Roaring Fork

We love finding unexpected places to learn something new, and sometimes dining locations provide just that. Roaring Fork at the Wilderness Lodge is a snack bar with plenty of history to show off. Every wall in the seating area is adorned with fishing gear and photos from a by-gone era. Incidentally, the Roaring Fork in question refers to a fork in a river, not a dining utensil. But it’s a nice play on words, don’t you think?

Spend some time perusing the frames and you’ll see what a fishing excursion was like in the early 1930s and 1940s. See the types of rods and flies and other equipment that were popular then. And get a load of what those sport fishermen wore! There aren’t many labels, but look closely. The fish artwork identifies species of fish found in the Pacific Northwest, and some of the photos are marked with place names and dates, or brief descriptions. It’s a fun trip down history lane.


FL Social Studies Standards: [using sources] SS.2.A.1.1, SS.3.A.1.1, SS.5.A.1.1, SS.8.A.1.2; [historical knowledge] SS.1.A.2.1, SS.1.A.2.2

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The BOATHOUSE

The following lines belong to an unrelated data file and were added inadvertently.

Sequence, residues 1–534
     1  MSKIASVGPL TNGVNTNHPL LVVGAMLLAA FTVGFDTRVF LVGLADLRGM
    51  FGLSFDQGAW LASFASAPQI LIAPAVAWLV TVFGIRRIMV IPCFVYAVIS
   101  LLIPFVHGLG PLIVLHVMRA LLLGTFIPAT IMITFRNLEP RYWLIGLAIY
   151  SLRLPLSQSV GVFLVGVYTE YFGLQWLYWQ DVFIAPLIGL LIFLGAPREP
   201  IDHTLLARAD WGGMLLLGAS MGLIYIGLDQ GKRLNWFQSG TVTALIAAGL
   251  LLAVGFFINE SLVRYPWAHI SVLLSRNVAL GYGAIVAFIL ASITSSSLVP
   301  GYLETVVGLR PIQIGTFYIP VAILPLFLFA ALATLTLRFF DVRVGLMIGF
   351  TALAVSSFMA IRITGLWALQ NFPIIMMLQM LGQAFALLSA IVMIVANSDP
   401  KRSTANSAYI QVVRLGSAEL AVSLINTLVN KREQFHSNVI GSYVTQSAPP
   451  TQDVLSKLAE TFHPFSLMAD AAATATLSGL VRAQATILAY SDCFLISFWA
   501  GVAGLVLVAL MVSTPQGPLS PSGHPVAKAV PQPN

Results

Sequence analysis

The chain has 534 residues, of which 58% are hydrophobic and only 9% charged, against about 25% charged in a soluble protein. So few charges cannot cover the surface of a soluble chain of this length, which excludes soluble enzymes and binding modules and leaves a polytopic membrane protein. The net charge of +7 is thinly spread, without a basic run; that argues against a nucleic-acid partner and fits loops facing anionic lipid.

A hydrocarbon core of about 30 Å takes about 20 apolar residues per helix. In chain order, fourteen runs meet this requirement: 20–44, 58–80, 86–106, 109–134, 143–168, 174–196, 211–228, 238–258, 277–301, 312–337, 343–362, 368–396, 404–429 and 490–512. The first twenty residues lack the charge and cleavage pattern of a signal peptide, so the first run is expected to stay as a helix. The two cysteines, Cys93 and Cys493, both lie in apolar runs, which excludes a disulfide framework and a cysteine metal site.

As part of the first wave of Disney Springs expansion, this unique restaurant has been drawing more attention, not only for its great food and drinks but also for its atmosphere. The BOATHOUSE offers some spectacular water views and something quite different from the average seafood joint – a floating museum.

Step through the doors, past the raw bar, and outside onto the boardwalk to find the docks lined with vintage boats. Each one is accompanied by information explaining what year it was built, who built it, and what its special features are. You’ll see boats styled like everything from spacecraft to motorcars. And don’t miss the replica 19th-century steamboat – properly furnished to match any Victorian sitting room, of course. The boat museum offers a glimpse into the history of maritime design and how “California Crazy” personal watercraft could get!

While you take in the views and learn about some of these fun, sea-faring vessels, you can also brush up on your Maritime Signal Flags. Two masts, one in front of the restaurant and one on the docks, illustrate the alphabet in signal flags and invite you decode the flags flying overhead. It’s certainly a lovely place to learn something new.